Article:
Letter or Email Example Asking to Work From Home

How to Request Working From Home

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There are many reasons employees request to work from home: long commutes or scheduling issues can make it a better options. Sometimes, it's easier to get focused work done at home than in a busy or loud office environment. With video hangouts, office-wide chat programs, remote access to servers and other technology innovations, working from home is often very doable. 

Still, your manager or human resources department may be leery of allowing you to work from home, especially if it's not common in your company.

If you would like to work from home, you should make a written request to your supervisor either in a letter or email. This initial written request may need to be followed by a formal application, forms, and documentation as required by your employer.

Sample Requests to Work Remotely

Below, you'll find examples of email requests asking to work from home, tips on what to include in your letter, and strategies for how to make a persuasive argument for why you should be able to work remotely. 

Email Request to Work From Home - Example #1

This email example is ideal for someone who has already been working from home occasionally, and wants to make it a regular occurrence.  

Subject Line: Request to Work Remotely

Dear Emily,

As you know, I have been working some hours from home on an occasional basis. I have found that my productivity has increased, and I am able to focus well on my work activities without the distractions in the office.

Would it be possible for me to work from home regularly, meeting in the office on an as-needed basis? I have really enjoyed working with you and your team, and look forward to our continued collaboration.

Thank you for very much for your consideration,


Email Request to Work From Home - Example #2 

Review this example if you're looking to work from home, but haven't before.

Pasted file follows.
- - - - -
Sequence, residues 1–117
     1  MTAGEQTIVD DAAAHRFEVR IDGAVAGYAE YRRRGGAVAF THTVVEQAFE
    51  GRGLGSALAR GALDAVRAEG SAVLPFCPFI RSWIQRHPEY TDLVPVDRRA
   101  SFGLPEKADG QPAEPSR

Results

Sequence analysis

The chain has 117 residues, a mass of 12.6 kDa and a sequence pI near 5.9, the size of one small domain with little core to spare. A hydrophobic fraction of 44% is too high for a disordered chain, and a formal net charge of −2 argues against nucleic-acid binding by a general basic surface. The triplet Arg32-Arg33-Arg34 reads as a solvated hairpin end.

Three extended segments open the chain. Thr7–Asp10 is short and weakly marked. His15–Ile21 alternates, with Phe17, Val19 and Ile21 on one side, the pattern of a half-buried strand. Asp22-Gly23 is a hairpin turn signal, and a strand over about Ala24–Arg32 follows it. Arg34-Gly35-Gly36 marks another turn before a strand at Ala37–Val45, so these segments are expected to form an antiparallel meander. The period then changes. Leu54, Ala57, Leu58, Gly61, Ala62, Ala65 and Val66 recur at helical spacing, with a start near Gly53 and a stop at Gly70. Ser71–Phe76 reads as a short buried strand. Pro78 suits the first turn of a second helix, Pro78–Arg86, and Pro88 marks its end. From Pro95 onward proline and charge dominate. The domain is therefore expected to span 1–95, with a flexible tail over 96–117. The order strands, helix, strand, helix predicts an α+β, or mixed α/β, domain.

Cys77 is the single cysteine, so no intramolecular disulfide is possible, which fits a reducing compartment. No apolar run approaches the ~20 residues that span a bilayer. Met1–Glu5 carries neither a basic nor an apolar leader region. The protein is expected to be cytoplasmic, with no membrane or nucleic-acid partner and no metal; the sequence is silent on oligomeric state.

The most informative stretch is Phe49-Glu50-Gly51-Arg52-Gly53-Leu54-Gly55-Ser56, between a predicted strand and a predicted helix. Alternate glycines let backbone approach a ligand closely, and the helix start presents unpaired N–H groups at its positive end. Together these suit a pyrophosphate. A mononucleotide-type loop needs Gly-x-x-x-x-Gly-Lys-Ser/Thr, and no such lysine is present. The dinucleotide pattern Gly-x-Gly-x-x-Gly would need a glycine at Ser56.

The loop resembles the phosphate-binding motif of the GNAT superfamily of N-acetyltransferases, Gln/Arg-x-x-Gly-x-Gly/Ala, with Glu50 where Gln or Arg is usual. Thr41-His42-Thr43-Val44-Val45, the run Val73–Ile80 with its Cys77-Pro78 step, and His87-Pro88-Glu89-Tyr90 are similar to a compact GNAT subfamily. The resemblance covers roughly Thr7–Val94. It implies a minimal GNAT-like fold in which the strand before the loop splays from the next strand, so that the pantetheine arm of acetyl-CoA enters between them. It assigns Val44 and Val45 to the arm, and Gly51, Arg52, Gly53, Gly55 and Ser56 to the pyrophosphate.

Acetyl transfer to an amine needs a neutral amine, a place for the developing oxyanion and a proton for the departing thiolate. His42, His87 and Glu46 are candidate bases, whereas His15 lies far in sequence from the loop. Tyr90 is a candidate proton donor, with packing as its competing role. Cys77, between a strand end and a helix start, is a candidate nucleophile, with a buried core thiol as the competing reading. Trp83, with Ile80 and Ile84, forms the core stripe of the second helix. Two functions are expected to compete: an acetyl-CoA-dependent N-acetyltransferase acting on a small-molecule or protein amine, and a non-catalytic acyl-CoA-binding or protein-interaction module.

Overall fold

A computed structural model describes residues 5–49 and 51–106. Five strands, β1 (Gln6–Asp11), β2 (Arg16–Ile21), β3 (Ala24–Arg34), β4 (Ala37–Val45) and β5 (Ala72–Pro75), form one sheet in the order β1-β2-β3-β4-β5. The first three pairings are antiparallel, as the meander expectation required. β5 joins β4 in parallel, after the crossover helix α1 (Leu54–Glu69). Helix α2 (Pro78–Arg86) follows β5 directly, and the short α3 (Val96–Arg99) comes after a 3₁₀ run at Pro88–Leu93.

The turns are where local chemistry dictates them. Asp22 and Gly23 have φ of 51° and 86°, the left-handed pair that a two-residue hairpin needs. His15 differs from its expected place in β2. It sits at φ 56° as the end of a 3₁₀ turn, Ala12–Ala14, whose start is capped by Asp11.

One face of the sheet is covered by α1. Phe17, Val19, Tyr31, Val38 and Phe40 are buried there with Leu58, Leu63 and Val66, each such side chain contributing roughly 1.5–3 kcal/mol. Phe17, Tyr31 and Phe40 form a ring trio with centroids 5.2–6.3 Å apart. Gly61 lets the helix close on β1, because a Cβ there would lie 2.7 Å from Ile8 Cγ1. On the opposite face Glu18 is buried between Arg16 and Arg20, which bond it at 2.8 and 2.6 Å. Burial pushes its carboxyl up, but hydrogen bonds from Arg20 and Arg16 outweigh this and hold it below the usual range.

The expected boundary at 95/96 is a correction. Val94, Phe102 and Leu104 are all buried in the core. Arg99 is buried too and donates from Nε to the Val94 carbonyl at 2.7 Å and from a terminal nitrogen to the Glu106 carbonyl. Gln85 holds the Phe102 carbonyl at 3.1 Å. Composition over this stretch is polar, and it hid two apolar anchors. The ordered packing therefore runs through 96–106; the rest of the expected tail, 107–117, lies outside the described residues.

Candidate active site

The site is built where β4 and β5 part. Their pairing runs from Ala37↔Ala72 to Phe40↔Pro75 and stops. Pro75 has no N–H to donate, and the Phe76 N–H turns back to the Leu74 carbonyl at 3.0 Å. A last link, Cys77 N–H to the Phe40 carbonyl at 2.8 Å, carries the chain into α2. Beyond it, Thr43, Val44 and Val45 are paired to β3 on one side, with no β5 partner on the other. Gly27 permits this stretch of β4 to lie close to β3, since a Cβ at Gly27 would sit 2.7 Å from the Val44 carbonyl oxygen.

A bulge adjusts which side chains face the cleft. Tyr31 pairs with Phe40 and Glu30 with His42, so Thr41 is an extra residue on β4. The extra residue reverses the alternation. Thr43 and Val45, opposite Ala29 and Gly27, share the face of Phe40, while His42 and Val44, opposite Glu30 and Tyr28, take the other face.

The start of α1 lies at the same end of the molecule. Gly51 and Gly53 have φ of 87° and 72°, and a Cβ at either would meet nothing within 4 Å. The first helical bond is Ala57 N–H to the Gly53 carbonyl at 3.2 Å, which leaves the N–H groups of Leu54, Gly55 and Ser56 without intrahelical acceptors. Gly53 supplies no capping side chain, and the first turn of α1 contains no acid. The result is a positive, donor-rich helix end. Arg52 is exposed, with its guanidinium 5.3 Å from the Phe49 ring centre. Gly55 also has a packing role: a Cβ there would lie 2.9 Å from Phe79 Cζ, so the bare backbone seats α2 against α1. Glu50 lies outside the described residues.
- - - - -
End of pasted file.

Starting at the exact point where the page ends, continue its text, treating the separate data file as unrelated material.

Subject Line: Request to Work from Home  

Dear Sean, 

I'm excited about our plans for this year's revamped conference. As you know, pulling off this event will require a lot of planning and writing. We'll need to create an email plan to blast potential attendees, write event page copy, and then develop the agenda and presentations as well. 

Leading up to the event, I'd like to work from home two days a week. In previous roles, working from home increased my productivity. Wednesday and Friday would be ideal work from home days, since we don't have any team-wide meetings. Of course, I can be completely flexible and come into the office if we ever do need face-to-face time, and I'll be available by phone and email on work from home days, in case anything comes up. 

Eager to hear your thoughts on this plan. 



What Information to Include in Your Letter 

Be clear in your letter about what you are requesting. Do you want to work from home one day a week, every day, or simply occasionally? Set the parameters of how this would work from a scheduling perspective. 

It's also important to include a reason why you want to work at home. Ideally, you'll be able to frame this reason to show how working from home is beneficial to your manager and the company.


For instance, if you have a brutal rush-hour commute that you want to avoid, you might say in your letter, "The traffic on my commute is horrendous, and it's impossible for me to get to work before 9:30 AM. Often, I'm eager to get my day started before then. If I were able to work from home two days a week, I'd be able to be at my desk focused on projects and setting up meeting earlier in the day." 

If working from home is not common in your workplace, you may also want to include details about how you'll be reachable during work hours (phone, email, IM, etc.), and address potential concerns.  

Here are more tips for how to ask your manager if you can work from home

Common Concerns about Working From Home

Working from home can have information security concerns, especially regarding confidentiality and risk of data hacking or theft.

If you need to use programs and systems remotely, you may have to have your computer, laptop, or other devices inspected and load security access programs.You may also have to take responsibility for equipment from work you are issued to use at home.

Monitoring productivity is another concern many employers have when you work from home. How can they measure whether you are as productive as you would be in the office? Do you have statistics on your home productivity compared with your office productivity?

How can you ensure you are collaborating with your co-workers when you are working from home? How will you make yourself available to them for discussions and consultations? If you can address these concerns in your letter, you will have a stronger justification.

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